How To Validate An Email Address: Don’t Bother
Every so often I run into developers trying to validate email addresses, either with super-simple and permissive regular expressions, semi-complex regular expressions, or with library routines. Any typical user registration form is usually going to have something along these lines.
Unless you are writing actual email software, this is a waste of time. And if you are writing an MTA, I might argue that is probably a bad idea, too - but that’s not the point.
First and foremost, what problem are you actually trying to solve by validating a user’s address? The two that come to mind are typos and abuse.
Typos that result in an RFC-invalid email address are quite unlikely. Email addresses formats are extremely diverse and permissive. Much more likely is that a typo will result in a functionally invalid address: one that just doesn’t end up in the user’s inbox.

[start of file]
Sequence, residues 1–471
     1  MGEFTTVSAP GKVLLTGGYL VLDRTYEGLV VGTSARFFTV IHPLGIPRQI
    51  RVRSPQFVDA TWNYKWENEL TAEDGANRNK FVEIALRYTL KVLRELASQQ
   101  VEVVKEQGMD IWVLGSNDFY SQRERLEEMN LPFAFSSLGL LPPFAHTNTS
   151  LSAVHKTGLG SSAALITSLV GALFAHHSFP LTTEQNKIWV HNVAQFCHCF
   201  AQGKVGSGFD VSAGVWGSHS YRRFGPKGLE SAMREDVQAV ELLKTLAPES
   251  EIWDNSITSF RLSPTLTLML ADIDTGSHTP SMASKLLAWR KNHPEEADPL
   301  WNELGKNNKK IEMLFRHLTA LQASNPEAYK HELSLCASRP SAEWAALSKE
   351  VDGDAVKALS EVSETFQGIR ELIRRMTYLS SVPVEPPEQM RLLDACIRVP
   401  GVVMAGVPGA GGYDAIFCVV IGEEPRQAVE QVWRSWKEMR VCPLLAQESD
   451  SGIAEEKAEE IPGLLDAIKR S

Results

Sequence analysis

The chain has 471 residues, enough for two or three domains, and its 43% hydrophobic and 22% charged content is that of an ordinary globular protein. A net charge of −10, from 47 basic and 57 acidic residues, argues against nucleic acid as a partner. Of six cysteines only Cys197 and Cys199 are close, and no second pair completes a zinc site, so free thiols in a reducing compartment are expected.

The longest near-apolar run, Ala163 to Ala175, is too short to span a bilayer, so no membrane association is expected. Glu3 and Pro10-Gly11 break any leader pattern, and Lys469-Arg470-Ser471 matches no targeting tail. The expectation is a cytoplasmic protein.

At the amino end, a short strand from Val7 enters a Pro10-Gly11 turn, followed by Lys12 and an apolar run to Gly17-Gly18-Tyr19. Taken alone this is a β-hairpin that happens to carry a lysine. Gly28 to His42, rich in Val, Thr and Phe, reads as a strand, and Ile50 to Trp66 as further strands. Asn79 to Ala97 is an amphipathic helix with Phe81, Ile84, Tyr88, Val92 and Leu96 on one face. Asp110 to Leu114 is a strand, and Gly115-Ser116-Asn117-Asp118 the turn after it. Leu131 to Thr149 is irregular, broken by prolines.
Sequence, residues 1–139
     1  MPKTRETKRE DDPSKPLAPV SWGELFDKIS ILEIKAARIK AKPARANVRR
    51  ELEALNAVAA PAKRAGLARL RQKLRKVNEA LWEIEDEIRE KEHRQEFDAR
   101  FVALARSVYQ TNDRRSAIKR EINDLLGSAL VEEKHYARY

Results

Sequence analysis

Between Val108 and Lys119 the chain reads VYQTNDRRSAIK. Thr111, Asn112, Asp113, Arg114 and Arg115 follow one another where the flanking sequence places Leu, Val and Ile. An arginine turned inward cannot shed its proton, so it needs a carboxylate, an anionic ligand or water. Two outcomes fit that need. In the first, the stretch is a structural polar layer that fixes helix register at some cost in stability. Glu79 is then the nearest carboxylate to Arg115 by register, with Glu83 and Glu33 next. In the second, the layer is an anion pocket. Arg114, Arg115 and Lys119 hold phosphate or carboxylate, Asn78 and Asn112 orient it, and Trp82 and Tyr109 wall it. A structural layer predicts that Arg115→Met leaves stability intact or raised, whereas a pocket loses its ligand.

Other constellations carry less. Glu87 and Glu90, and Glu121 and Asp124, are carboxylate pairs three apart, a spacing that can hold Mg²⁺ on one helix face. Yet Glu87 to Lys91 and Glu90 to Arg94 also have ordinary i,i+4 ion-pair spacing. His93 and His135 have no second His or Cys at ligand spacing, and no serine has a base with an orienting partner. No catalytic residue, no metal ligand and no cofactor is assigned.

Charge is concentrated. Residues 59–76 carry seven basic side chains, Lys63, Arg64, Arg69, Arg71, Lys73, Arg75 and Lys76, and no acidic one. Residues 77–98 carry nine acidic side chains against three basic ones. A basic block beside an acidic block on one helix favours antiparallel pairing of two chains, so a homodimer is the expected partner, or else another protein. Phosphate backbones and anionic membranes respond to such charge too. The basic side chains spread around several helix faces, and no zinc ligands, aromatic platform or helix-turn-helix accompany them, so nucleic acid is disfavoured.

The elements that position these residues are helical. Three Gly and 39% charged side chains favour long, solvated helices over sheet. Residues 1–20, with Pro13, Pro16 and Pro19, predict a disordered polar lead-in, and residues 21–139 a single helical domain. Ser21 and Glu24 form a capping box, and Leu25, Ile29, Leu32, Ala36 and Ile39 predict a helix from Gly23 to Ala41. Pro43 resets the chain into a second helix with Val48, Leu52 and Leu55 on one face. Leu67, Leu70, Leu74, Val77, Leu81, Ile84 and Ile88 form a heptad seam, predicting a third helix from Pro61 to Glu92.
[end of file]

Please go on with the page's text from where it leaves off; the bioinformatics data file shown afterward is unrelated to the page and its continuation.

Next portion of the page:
On the abuse side of things, I am hard-pressed to come up with a reason why an attacker would specifically want to get your system to accept an RFC-invalid email address when an RFC-valid one won’t suffice. If you are doing all the right things with user input to protect from XSS, SQL injection, etc, it doesn’t matter. Much more plausible is an attacker who is using a fake, stolen, or throw-away address that is perfectly “valid.”
So for both problems, RFC-oriented validation is difficult to do right and wins you essentially nothing. Even if you just plug in a library routine to do the validation for you, I’d question the value you think you’re getting with it.
At the end of the day, the only way to validate an email address (in the only sense of “validation” that matters) is to send a confirmation email. So next time you think about the tricky task of RFC-oriented email address validation, just drop it. Move on to more important problems.